Soon a shouting match broke out between angry motorists and the police.

"You treat us like second-class citizens. We have been stranded here for 24 hours, but you [security personnel] overtake us and move forward although we have been waiting here much longer," a frustrated driver yelled.

Experts believe Kashmir valley's absolute dependence on the route has led to the region's geographic isolation
Experts believe the Kashmir valley's absolute dependence on the route has led to the region's geographic isolationImage: DW/H. Zaffar

Thousands of military vehicles use the over-burdened stretch of highway every day, often creating congestion as military movement is prioritized over civilian vehicular traffic, which is often halted for hours. At times, the military has completely closed the road for civilian traffic.

Read more: How Asia's official maps promote propaganda

A deadly lifeline

In April last year, after a deadly attack on Indian paramilitary forces in which 44 security personnel were killed, the Indian government banned civilian traffic on the highway for two days every week to facilitate "safe passage" of military convoys. The decision also choked off essential supplies to the valley, which is dependent on the highway for all its needs.

"The highway cuts through many areas where mountains are held by loose soil. These mountains are also being blasted for road-widening purposes. Civilian traffic and hundreds of heavy army trucks pass through the area daily. There is a stress on the road beyond its capacity and it becomes prone to accidents," said Naveed Peerzada, a civil engineer from the region.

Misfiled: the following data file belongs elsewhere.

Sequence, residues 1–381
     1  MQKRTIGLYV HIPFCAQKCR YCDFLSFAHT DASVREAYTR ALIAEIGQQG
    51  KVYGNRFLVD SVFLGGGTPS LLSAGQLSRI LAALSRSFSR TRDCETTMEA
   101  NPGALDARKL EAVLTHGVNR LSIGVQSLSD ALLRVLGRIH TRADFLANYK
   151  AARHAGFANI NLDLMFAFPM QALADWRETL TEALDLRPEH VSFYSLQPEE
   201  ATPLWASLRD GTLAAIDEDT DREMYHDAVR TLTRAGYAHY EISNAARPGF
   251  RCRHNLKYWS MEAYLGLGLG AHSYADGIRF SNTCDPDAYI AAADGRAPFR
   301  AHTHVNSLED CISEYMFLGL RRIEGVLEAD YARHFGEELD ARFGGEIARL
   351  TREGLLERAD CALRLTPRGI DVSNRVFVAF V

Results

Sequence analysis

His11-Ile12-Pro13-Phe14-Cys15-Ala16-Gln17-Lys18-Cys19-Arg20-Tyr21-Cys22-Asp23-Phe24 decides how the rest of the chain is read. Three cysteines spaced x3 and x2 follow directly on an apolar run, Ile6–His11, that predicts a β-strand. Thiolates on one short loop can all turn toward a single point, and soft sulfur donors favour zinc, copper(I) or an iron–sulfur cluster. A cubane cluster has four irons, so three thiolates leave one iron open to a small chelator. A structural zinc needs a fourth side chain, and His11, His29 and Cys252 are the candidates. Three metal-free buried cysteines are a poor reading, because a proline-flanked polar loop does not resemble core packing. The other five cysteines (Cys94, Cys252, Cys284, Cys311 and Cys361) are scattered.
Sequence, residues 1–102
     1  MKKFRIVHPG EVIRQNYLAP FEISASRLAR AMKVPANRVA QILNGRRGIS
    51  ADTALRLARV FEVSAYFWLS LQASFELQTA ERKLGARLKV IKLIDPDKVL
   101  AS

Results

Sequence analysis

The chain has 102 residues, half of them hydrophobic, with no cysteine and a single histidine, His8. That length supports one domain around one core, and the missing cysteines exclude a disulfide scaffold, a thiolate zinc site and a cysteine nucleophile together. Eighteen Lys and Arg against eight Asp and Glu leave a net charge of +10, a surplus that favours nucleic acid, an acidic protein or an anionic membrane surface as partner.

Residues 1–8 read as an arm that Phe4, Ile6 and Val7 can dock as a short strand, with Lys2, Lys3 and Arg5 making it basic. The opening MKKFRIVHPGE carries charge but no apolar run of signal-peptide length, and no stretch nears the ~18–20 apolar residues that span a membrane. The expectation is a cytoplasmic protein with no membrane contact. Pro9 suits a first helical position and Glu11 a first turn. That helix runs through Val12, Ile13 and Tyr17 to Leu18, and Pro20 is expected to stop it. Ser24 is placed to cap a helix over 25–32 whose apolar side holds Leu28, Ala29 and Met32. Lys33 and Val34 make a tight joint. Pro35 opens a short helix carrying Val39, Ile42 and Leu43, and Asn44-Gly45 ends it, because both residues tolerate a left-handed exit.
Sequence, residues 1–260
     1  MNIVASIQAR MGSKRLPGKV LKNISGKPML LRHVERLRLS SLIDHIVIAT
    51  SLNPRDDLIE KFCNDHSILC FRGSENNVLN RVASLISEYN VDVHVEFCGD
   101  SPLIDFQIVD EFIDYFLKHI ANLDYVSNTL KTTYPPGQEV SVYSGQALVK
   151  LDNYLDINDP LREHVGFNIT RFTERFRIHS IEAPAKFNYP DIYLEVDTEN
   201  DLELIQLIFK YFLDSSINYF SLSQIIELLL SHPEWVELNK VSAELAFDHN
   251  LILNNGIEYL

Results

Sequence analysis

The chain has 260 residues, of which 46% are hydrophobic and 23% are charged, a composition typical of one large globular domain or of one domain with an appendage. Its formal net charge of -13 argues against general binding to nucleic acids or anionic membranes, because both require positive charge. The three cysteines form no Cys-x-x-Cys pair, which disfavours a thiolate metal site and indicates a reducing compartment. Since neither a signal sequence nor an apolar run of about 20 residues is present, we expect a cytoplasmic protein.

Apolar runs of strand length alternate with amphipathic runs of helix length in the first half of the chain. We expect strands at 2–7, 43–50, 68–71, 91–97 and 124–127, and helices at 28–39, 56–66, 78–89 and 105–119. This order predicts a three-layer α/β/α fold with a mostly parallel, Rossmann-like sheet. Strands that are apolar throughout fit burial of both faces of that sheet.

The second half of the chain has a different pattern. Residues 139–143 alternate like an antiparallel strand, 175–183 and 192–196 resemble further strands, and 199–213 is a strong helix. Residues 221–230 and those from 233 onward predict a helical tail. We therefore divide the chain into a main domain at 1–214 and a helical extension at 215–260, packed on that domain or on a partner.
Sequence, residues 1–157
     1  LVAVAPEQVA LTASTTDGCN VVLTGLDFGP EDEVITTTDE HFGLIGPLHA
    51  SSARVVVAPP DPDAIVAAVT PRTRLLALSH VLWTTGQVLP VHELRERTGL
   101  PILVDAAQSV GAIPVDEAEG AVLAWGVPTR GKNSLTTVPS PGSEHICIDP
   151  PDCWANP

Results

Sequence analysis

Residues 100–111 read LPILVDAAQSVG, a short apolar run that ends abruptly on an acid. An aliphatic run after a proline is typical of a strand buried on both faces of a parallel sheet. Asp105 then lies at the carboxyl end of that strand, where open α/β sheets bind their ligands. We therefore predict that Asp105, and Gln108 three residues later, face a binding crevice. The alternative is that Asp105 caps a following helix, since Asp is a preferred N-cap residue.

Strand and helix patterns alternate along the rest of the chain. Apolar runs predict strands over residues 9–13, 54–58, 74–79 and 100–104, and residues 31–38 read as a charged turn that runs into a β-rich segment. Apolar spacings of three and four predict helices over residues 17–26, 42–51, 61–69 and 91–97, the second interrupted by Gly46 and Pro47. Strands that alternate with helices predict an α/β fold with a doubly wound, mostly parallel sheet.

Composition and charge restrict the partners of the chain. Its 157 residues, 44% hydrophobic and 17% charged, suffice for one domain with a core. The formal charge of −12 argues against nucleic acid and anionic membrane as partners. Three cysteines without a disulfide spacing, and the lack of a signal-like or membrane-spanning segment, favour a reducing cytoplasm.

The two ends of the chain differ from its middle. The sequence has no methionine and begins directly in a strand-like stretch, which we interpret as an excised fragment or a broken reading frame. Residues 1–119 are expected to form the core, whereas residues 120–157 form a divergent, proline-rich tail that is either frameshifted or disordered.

"It has also destroyed the ecology along the entire stretch. Springs have dried up in the entire area," he added.

Authorities attribute the high frequency of road accidents to the mountainous terrain that is prone to landslides and falling rocks
Authorities attribute the high frequency of road accidents to the mountainous terrain that is prone to landslides and falling rocksImage: DW/H. Zaffar

Experts also believe the Kashmir valley's absolute dependence on the route has led to the region's geographic isolation. The road is often closed due to bad weather conditions and in winter, the problem is aggravated by severe snowfall.

"This road has made Kashmir an enclosure," said Gowhar Bhat, a researcher at the AJK Mass Communication Research Center in Delhi. "Everything is regulated and mobility is controlled.  The Indian government has blocked all the routes of Kashmir with the outer world and even the knob of this road is with them. The government decides who can travel and when," Bhat added.

Skip next section Explore more
Skip next section Related topics

Related topics

Skip next section DW's Top Story

DW's Top Story

Pictures Karl Gorath are displayed during a memorial ceremony commemorating the victims of the Holocaust on the International Holocaust Remembrance Day

Germany remembers Nazi persecution of sexual minorities

Skip next section More stories from DW
Go to homepage